Your children are maddening gales of claret dusts,
And gyrating loops of infinite longings for your swollen womb.
Their gaggle laughter used to be clandestine alchemy
And sleeping trees in the middle of the century.
And now, Kalahari is arctic shadows
And they are wearing the hours inside out.
The windmill is still churning the ancestors’ songs of terrors.
And the black sea has made a home in the spaces between their skeletons.
And here you are, throwing the dice against their light.
Have you forgotten how to hold dying suns?
Your aunt with a smoldering mouth gaping without a tongue,
Spent Sabbath day laughing and laughing.
This was after your mother told her how
Her son tore apart the yellow sun,
Trying to swallow whole a dusk full of owls,
Dandelion and shadows.
He is a pyre now,
And she is sorry because someone is yet to remember how to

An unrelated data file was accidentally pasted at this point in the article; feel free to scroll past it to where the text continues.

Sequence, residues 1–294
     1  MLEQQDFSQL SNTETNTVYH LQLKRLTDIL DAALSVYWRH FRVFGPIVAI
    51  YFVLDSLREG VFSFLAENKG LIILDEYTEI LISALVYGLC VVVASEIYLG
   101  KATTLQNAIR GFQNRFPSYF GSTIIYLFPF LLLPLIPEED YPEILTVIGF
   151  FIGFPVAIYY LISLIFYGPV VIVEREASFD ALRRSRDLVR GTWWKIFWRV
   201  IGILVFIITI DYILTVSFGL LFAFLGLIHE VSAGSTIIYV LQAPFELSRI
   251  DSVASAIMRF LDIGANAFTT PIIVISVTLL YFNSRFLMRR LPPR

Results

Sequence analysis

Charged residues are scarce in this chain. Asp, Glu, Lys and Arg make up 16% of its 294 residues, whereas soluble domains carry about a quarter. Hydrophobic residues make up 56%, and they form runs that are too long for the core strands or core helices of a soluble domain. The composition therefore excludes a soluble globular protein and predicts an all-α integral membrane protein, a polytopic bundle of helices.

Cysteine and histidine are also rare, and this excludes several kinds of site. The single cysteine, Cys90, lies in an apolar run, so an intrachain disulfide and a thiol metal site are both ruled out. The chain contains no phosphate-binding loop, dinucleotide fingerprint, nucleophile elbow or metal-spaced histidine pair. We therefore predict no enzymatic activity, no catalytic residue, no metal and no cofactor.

Hide the deep-sea in human bones.
Your aunt with hurricane eyes wide without irises,
Spent Sabbath day separating silence
From her sons’ paraffin-smelling bones.
And you are holding your lungs in your thighs.
You have remembered that you knew,
How your cousin started stealing midnight after
Ghouls started speaking to him in broad day light.
He is a hymn now,
And you are sorry because someone is yet to remember how to
Unbury ghosts with still beating hearts.
Poems: Gaamangwe Joy Mogami
Image: Moyan Brenn via Flickr (modified)